There are cases where an enum is the correct choice for a particular type of data, so let's look at what an enum type actually is and does.
Enum Type Intentions
An enum column type is a column which allows only the specified data values. This means that if a particular column can only take certain values, for example 'art', 'music' or 'sport' then you can specify this when you create the table:
CREATE TABLE `teachers` ( `id` int(11) PRIMARY KEY AUTO_INCREMENT, `name` varchar(50) DEFAULT NULL, `specialism` enum('art','music','sport') DEFAULT NULL )
Changing Possible Values of EnumIn order to change the allowed values of an enum column, we need to issue an alter table statement - and this is where it gets messy. Alter table actually creates a new table matching the new structure, copies all the data across, and then renames the new table to the right name. During this process, which takes longer in proportion to the size of the data, the table is locked. Completely. So your whole application is going to have to wait for that to finish before anything else can even read from the table! This is why alter table statements are always a bad idea on production.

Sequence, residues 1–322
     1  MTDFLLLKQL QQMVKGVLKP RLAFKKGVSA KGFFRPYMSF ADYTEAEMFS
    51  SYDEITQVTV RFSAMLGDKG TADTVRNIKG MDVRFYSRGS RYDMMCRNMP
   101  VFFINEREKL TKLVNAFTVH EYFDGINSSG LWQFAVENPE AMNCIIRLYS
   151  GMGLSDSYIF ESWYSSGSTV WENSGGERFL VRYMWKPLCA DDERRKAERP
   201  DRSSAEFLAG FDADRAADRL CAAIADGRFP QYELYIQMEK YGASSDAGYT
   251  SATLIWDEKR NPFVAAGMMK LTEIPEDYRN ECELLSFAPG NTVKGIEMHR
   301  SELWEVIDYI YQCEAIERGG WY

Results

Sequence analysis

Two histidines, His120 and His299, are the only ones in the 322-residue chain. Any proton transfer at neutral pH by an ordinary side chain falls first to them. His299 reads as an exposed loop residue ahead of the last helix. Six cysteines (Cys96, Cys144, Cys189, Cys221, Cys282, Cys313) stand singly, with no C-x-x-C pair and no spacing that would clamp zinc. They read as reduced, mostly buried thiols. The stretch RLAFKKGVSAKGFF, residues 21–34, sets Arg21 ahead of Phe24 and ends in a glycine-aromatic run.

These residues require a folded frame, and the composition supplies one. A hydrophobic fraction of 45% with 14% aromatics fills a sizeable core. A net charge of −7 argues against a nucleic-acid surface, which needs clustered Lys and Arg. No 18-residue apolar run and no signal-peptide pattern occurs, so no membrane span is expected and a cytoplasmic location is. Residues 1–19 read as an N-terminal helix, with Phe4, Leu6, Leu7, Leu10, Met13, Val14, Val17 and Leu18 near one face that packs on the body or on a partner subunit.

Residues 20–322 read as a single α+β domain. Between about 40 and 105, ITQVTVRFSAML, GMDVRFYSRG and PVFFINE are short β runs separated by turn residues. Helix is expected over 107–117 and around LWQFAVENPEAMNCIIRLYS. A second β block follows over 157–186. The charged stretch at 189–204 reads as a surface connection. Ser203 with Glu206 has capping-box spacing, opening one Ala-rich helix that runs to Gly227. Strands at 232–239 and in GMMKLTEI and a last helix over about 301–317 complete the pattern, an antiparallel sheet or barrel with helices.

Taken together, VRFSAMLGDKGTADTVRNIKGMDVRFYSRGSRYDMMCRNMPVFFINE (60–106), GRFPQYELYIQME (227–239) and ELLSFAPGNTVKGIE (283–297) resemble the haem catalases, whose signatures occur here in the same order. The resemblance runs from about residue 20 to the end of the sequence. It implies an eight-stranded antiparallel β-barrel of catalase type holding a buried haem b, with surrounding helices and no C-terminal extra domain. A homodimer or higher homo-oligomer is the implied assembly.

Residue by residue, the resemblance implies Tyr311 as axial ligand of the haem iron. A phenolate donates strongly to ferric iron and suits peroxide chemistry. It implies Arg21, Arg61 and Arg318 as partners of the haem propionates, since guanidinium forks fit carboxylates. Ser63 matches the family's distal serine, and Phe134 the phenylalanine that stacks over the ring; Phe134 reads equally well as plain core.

So, if your enum column's allowed values could ever change, or if your data set is going to be any kind of large, or you're going to experience traffic on any scale, then the enum isn't the right data type. As you can see, this eliminates most use cases and is the reason why enum is usually avoided.
Alternative to Enum: Lookup TablesIn situations like the teacher table shown above, it is much better to move the data into a simple lookup table; now we need two tables, teachers and specialisms, and they look like this:
CREATE TABLE `teachers` ( `id` int(11) PRIMARY KEY AUTO_INCREMENT, `name` varchar(50) DEFAULT NULL, `specialism_id` int(11) NOT NULL ); CREATE TABLE `specialisms` ( `specialism_id` int(11) PRIMARY KEY AUTO_INCREMENT, `name` varchar(255) DEFAULT NULL );With this setup, we are much more able to handle the case where "never" actually turns out to happen. In the event that the data does need to change, we alter the content of the database but not the structure, which is much better practice and doesn't lead to potentially long table-level locks on our production database.
Does anyone have any further approaches for avoiding enums? Or situations where they are a great choice? Leave me a comment, I'm interested to hear the experiences of others on this topic.